5 Reasons Landlords Should Swiftly Deal With Mold In Rentals

Posted on: 23 June 2022

Could there be mold in one or more of your rental units? Mold remediation and removal can be a serious matter, and many landlords would prefer not to have to deal with it — especially if the tenant caused it. But as a landlord, you benefit by taking charge of this situation. Why? Here are five valuable reasons to do so.

1. You're Probably Liable. Mold is a tricky issue in landlord/tenant relationships. It's often not directly addressed in tenant law, but it does usually fall into the property owner's responsibility to maintain a habitable home for renters. Because of mold's many health hazards, including causing respiratory problems, landlords are likely to be considered legally liable for its removal even if it's not written anywhere. 

2. It May Be a Symptom. If you or a tenant spot mold, its existence could actually spell even bigger hidden problems. Mold tends to grow in wet, dark areas as a result of unseen water damage. So even if a mold isn't necessarily harmful to humans or pets on its own, it could be an indicator that your property suffers from some structural problem or leak. By addressing the mold, you can address its cause.

3. Your Property Is Damaged. Much of the focus on mold removal is on its harmful effects on people and animals, but don't forget that your property is also suffering. Whether it's hidden water damage in the walls or ceiling, a damaged roof, or just tenant negligence, it will continue to eat away at the structure. You've probably invested a lot of time and money in your rental properties, and letting damage go unchecked hurts that investment.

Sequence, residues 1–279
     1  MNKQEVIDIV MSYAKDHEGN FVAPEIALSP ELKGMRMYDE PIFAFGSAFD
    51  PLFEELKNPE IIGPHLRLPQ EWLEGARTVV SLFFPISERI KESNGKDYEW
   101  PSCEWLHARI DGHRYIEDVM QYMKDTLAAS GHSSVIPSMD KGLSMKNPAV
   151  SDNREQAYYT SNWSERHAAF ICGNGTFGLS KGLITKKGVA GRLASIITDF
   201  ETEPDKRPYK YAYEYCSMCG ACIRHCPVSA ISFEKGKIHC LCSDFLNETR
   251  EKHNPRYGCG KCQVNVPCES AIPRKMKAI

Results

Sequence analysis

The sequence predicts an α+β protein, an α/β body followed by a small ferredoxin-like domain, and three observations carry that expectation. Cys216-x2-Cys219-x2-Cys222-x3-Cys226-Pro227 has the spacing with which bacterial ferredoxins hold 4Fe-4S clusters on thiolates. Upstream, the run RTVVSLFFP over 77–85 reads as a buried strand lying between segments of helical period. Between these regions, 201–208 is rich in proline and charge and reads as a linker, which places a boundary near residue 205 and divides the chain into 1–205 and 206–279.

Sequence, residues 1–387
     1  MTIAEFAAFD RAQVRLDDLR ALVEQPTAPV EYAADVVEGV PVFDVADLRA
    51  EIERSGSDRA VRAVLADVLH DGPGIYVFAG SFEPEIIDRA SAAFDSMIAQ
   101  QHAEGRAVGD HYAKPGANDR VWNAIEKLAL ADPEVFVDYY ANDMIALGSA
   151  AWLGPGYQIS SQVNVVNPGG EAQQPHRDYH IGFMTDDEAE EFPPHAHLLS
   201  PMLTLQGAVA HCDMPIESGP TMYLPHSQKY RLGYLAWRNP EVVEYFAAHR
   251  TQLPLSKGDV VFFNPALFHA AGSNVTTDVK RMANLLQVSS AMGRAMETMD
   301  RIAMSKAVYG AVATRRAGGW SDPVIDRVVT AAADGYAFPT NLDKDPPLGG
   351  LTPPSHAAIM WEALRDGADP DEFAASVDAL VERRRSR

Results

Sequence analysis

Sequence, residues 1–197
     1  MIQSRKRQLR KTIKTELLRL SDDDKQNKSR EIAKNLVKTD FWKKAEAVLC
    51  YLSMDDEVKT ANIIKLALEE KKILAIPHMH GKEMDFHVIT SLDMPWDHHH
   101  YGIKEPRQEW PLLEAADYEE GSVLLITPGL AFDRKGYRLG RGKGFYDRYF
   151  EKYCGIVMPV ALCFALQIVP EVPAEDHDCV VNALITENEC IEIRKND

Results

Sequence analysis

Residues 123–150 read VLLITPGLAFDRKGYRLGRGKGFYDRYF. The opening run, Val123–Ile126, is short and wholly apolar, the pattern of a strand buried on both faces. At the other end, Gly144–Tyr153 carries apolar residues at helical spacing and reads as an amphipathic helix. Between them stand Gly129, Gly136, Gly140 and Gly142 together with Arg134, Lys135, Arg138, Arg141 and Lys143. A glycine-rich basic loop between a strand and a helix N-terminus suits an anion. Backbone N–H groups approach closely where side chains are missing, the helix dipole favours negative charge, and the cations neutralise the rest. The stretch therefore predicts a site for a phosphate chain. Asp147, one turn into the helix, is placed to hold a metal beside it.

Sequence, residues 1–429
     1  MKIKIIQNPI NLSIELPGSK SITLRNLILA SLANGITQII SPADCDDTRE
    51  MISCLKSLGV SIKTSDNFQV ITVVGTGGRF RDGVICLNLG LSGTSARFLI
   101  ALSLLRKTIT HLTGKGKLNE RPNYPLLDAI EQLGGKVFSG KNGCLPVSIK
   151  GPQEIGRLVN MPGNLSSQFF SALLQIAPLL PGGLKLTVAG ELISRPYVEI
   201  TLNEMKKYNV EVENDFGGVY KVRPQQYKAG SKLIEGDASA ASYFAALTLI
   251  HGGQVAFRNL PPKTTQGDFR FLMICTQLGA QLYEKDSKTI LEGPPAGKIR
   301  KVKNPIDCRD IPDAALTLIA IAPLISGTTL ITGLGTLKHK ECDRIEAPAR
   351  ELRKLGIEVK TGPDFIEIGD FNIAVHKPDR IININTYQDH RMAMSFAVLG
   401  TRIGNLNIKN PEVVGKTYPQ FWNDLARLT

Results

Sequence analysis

4. It's a Reputation Issue. Even mold that's simply unsightly can hurt your reputation as a landlord. Word of mouth is important in the potential pool of renters, and they will talk without you knowing. Failure to respond quickly to reported problems and unappealing rental homes will turn off future renters, costing you money for many years. Prevent this by being a proactive and responsive landlord.

5. You Control Tenant Issues. What if the tenant's behavior causes the mold problem? While the landlord may not be legally liable to fix it, doing so helps them gain control of a difficult situation. You might use this time to improve natural ventilation or update plumbing — so you don't rely as much on the tenant's good behavior. And you can document the unit's condition and repairs so that you have legal evidence if they cause further damage. 

Where to Start

Whether you want to protect your investment, steer clear of liability issues, or maintain a good reputation among renters, the way to begin dealing with mold is by consulting with a professional mold removal service such as Advanced Mold Professionals. With their help, you'll meet this challenge and move forward safely and with confidence.